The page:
Abstract: Molecularly imprinted polymers (MIPs) are macromolecular matrices that can mimic the functional properties of antibodies, receptors and enzymes while possessing higher durability. As such, these polymers are interesting materials for applications in biomimetic sensor, drug synthesis, drug delivery and separation. In this study, we prepared MIPs and molecularly imprinted nanospheres (MINs) as receptors with specific recognition properties toward tocopherol succinate (TPS) in comparison to tocopherol (TP) and tocopherol nicotinate (TPN). MIPs were synthesized using methacrylic acid (MAA) as functional monomer, ethylene glycol dimethacrylate (EGDMA) as crosslinking agent and dichloromethane or acetronitrile as porogenic solvent under thermal-induced polymerization condition. Results indicated that imprinted polymers of TPS-MIP, TP-MIP and TPN-MIP all bound specifically to their template molecules at 2 folds greater than the non-imprinted polymers. The calculated binding capacity of all MIP was approximately 2 mg per gram of polymer when using the optimal rebinding solvent EtOH:H2O (3:2, v/v). Furthermore, the MINs toward TPS and TP were prepared by precipitation polymerization that yielded particles that are 200-400 nm in size. The binding capacities of MINs to their templates were greater than that of the non-imprinted nanospheres when using the optimal rebinding solvent EtOH:H2O (4:1, v/v). Computer simulation was performed to provide mechanistic insights on the binding modalities of template-monomer complexes. In conclusion, we had successful prepared MIPs and MINs for binding specifically to TP and TPS. Such MIPs and MINs have great potential for industrial and medical applications, particularly for the selective separation of TP and TPS.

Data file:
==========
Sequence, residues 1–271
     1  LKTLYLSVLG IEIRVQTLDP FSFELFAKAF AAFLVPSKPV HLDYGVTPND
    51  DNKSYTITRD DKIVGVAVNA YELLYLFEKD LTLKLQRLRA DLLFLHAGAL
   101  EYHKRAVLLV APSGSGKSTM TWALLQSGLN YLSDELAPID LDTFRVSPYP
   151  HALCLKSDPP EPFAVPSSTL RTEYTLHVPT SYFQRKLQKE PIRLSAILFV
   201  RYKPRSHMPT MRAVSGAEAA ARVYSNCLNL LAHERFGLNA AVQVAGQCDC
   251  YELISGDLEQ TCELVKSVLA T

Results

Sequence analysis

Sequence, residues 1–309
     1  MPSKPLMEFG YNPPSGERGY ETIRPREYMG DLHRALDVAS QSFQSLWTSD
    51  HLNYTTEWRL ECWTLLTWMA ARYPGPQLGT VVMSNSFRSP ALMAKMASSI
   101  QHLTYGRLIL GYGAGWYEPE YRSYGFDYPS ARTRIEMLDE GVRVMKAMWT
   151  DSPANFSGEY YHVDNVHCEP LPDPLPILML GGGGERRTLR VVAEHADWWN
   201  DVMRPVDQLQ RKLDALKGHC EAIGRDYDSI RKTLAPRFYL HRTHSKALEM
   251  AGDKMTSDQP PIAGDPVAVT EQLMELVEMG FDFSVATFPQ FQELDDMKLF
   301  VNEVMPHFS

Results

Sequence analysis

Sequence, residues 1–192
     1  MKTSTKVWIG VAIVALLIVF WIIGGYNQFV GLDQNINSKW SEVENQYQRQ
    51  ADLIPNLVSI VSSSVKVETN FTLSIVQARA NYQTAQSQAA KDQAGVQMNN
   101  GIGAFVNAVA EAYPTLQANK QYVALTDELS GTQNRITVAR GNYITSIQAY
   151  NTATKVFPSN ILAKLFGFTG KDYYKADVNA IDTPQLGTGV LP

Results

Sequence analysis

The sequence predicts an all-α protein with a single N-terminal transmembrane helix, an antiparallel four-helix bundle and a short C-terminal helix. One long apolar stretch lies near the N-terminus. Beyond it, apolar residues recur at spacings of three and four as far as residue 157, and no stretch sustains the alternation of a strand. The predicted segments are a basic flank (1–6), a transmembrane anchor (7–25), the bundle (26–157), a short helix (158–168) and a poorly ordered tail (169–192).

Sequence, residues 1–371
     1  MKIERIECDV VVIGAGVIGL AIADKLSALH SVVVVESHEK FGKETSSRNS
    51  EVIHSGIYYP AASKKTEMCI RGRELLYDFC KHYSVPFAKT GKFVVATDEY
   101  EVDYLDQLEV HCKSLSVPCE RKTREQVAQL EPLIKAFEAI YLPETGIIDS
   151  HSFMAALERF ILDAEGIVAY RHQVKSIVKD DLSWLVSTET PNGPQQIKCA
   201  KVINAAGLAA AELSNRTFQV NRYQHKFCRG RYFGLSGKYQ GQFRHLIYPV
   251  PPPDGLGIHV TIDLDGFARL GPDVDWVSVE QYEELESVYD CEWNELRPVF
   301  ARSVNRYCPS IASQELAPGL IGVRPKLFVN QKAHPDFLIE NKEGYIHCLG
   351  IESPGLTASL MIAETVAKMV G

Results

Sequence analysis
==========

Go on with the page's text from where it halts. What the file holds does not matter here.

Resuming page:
Template and target information: tocopherol, TP, vitamin E
Author keywords: molecular imprinting, molecularly imprinted polymer, anti-cancer, tocopherol succinate, Computational chemistry